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Care Delivery

 

Diets high in foods with potential to cause inflammation—including processed meat, red meat, fish and refined grains—are associated with an increased risk of developing colorectal cancer, according to a new study published in JAMA Oncology.

There are thousands of interventional radiologist (IR) practicing throughout the United States, but if you ask a room full of IRs to define their role in medical imaging, you may get several different answers. To better understand the work patterns of IRs, researchers studied public datasets from CMS and the U.S. Census Bureau, publishing their results in the American Journal of Roentgenology.

Researchers from Michigan State University (MSU) in East Lansing plan to use fMRI scans to investigate brain movements that may be related to psychosis. The research is funded by a $1.5 million, four-year grant from the National Institutes of Health.

Radiology residence training is trending toward a 24-hour coverage model with an accompanying attending practitioner to eliminate resident-attending discrepancies, which are often thought to lead to management changes. A new Academic Radiology study found a quantifiable clinical impact.

Consuming as little as four grams of processed meat can increase breast cancer risk by 15 percent.

 

Recent Headlines

Radiology Meets the Brothers Marx

Sorting out who’s who in radiology professional services is no easy task

CMS Initiates National Coverage Analysis for Lung Cancer Screening

CMS today announced that it would initiate a National Coverage Analysis on lung cancer screening with low-dose CT.

The action was taken in response to two formal requests to initiate the NCA, one from Peter B. Bach, director, Center for Health Policy and Outcomes, Memorial Sloan-Kettering Cancer Center; the other one came from Laurie Fenton Ambrose, president & CEO, Lung Cancer Alliance.

Gearing Up for Value-based Payment: The Race to Define Quality in Radiology

Today’s radiology dashboards let you know how your department or practice is running. They chart patient flow; report-turnaround times; critical-results reporting; and dozens of other data points that reflect cost, efficiency, productivity, and (sometimes) effectiveness. One of the primary goals of these dashboards is to support quality improvement, as CMS and other payors begin to link payment to performance—and to define performance using quality measurements.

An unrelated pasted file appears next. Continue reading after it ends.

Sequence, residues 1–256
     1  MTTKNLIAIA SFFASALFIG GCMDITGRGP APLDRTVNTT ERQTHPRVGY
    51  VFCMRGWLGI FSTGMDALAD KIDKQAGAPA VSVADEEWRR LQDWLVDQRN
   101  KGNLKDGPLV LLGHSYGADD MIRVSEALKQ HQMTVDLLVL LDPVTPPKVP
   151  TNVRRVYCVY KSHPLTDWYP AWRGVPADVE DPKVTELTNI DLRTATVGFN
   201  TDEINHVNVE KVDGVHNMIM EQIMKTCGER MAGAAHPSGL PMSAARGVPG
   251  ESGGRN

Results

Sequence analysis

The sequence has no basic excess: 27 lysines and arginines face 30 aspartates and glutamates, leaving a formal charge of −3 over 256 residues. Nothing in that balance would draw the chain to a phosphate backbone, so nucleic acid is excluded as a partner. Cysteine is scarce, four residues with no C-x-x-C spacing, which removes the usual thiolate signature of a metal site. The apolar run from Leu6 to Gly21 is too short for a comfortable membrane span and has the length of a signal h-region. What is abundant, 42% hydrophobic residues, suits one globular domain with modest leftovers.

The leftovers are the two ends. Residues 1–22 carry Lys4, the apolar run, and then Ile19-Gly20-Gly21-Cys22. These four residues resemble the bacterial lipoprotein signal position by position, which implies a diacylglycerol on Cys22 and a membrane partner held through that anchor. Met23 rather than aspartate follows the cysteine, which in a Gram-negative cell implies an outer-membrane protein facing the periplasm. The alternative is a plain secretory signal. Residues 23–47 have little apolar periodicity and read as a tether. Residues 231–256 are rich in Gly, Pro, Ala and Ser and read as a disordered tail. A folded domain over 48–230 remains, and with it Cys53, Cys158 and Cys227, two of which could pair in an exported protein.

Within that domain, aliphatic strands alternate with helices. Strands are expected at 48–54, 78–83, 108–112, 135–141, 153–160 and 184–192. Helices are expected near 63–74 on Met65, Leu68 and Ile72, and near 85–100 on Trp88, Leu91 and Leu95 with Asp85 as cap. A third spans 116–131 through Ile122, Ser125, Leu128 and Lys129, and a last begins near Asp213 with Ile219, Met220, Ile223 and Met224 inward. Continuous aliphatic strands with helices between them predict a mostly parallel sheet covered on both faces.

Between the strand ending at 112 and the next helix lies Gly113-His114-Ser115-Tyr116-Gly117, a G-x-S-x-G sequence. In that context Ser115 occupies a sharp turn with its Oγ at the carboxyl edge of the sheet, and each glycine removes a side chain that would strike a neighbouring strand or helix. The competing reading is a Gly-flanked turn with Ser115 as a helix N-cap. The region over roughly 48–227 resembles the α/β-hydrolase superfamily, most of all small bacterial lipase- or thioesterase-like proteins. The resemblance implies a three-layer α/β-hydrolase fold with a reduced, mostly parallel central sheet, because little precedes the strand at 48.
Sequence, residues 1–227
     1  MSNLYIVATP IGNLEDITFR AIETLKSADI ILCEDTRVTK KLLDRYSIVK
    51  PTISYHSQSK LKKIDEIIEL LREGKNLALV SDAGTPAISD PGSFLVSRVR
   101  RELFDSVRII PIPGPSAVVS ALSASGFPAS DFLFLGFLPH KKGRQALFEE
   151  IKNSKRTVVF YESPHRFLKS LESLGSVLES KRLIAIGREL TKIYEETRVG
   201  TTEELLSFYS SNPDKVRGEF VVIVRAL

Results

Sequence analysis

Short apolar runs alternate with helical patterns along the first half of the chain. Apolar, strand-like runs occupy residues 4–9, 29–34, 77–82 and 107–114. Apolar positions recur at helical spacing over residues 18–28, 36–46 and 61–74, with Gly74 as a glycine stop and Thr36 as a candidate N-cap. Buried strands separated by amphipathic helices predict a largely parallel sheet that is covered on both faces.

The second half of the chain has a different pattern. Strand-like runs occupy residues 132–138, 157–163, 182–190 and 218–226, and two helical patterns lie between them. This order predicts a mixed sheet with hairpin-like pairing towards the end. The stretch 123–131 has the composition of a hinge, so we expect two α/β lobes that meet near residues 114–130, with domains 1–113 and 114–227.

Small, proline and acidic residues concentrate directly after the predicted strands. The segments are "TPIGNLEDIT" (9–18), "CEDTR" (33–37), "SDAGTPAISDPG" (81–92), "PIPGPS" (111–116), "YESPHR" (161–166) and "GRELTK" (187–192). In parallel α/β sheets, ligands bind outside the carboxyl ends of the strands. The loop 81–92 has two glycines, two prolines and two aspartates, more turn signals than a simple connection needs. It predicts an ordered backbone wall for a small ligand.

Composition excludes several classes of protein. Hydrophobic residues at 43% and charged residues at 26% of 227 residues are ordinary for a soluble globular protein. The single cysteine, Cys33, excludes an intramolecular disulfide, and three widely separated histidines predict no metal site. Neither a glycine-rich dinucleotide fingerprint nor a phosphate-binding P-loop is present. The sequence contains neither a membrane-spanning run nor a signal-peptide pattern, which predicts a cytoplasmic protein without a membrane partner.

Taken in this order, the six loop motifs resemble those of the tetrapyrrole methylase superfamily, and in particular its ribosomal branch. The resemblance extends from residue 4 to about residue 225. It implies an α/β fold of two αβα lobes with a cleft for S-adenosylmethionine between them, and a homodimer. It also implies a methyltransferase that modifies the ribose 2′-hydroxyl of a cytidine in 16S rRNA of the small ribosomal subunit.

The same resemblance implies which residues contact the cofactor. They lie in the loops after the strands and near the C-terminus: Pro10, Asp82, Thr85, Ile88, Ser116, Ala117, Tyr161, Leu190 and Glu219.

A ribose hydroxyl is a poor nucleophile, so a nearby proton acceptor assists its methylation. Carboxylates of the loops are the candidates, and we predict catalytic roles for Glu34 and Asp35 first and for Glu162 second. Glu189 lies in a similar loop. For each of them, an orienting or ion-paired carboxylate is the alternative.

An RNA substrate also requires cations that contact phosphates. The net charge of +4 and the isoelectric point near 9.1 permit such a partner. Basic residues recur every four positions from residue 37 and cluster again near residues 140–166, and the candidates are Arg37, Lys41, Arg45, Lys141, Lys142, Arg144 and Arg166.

Devising a Blueprint for Radiology: Standardization

Standardization in radiology can take a dozen different paths, and it is clearly complex—but why is there a need for standardization in the first place? Debra L. Monticciolo, MD, FACR, is vice chair for research at Scott & White Healthcare (Temple, Texas), a nonprofit health system. She is a professor of radiology at the allied Texas A&M Health Science Center College of Medicine and is a subspecialist in mammography. Monticciolo is chair of the ACR® Commission on Quality and Safety. Of course, quality and safety are among the primary reasons that standardization is a talking point for so many who hold stakes in radiology’s future.

What You See Probably Isn’t

Fifteen years ago, when I first started to write about radiology, any attempt to manage or standardize the practice of medicine was met with resistance and derision. Notice that when putting together this issue, we ruled out calling our cover story, “Devising a Cookbook for Radiology.”

From Quality to Outcomes: Deploying Clinical Analytics

Although radiology has employed clinical analytics for more than a decade, the field is in its infancy. Nonetheless, the possibilities are tantalizing—if technological, economic, political, and interoperability hurdles can be cleared.

Radiology’s ACO Play: Get in the Game—Now

The ACO, a relatively new concept that met with great skepticism when it appeared in the Patient Protection and Affordable Care Act, now ranks at the top of the conversation-starter list in the radiology community. Imaging providers have debated whether it is necessary for them to engage with these entities, and, if they do, what roles they would play. The current consensus not only is that radiology cannot afford to ignore the ACO model, but also that a strategic approach must be followed if providers are to assume their positions successfully under the ACO umbrella.

The ACO Around the Corner

Perhaps because they don’t hang a sign out front, they aren’t located in one place, and they are (in a sense) virtual, accountable-care organizations (ACOs) have quietly blanketed nearly half the nation

Value-added Radiology, Defined

If on-site radiologists want to distinguish themselves from other image-reading specialists or teleradiologists, they must be more than image readers, according to Vijay Rao, MD, David C. Levin professor and radiology chair at Jefferson University Hospitals (Philadelphia, Pennsylvania). On December 1, 2011, she presented “Value-added Services of

Radiology’s Role in a Defragmented System: The Hoag Experience

In recent years, health-care reform (in all its guises) has spurred providers to investigate new methods and models for delivering services to inpatients and outpatients alike. Some do not affect radiology, but others have major ramifications for the way that imaging is delivered, managed, and paid for, as well as for the integration of radiology

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